Lessons learned from reconstructing interactions between local ecological knowledge, fisheries science, and fisheries management in the commercial fisheries of Newfoundland and Labrador, Canada
Questions centered on the development of local and traditional ecological knowledge and the relationship of that knowledge to the development of conservation and management practices have recently attracted critical attention. We examine these questions with respect to the dynamic commercial fisheries of the Canadian province of Newfoundland and Labrador. The knowledge of fish harvesters coevolves with fishing practices and is embedded in a dynamic socioecological network that extends into and beyond the fisher, fishery households, and communities to include management, technologies, markets, and marine ecological conditions. Changes in these networks have moved knowledge and practices related to fishing in directions defined by policy, science, economic rationality, and new ecological realities. We characterize this movement as a shift along a continuum from local ecological knowledge (LEK) towards globalized harvesting knowledge (GHK) as harvesters become increasingly disconnected from socioecological relationships associated with traditional species and stocks. We conclude with a discussion of how LEK/GHK have interacted over time and space with other knowledge systems (particularly science) to influence management, and suggest that contingent, empirical evaluations of these interactions will provide a fruitful avenue for future interdisciplinary research. © Springer Science+Business Media, Inc.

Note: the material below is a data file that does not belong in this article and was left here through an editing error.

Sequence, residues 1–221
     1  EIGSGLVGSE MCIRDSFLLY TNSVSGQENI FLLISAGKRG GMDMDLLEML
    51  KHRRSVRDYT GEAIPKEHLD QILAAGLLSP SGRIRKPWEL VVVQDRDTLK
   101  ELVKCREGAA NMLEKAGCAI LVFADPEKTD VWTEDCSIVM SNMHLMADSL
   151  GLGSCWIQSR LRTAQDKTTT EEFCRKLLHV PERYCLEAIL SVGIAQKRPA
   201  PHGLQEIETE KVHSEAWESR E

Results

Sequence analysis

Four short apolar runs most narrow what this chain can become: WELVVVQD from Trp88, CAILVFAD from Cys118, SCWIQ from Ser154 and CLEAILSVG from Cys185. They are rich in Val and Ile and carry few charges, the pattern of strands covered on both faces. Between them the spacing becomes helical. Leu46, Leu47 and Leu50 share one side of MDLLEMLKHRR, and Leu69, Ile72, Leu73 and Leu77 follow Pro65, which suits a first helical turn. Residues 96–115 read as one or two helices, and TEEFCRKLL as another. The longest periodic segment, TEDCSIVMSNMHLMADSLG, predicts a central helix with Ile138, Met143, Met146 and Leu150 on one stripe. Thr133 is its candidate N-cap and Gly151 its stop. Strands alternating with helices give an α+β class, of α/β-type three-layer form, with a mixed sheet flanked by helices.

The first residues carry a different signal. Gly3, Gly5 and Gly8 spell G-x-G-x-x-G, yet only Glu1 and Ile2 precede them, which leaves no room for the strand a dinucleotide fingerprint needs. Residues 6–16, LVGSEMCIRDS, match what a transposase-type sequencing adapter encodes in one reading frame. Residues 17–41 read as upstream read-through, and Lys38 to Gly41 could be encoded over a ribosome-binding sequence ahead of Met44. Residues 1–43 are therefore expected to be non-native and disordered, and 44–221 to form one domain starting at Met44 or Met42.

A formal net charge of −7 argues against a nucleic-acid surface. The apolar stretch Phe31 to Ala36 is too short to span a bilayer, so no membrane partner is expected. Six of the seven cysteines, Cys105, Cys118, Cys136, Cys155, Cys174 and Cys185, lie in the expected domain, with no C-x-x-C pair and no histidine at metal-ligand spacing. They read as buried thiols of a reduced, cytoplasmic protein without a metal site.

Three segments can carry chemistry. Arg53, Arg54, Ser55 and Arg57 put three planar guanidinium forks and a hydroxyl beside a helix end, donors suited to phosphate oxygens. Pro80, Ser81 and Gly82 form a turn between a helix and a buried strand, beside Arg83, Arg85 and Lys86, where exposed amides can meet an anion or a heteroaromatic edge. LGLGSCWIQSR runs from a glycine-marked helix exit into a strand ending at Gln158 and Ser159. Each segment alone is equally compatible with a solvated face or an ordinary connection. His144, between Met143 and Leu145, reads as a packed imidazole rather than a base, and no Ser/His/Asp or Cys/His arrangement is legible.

Murray, G; Neis, B; Johnsen, JP
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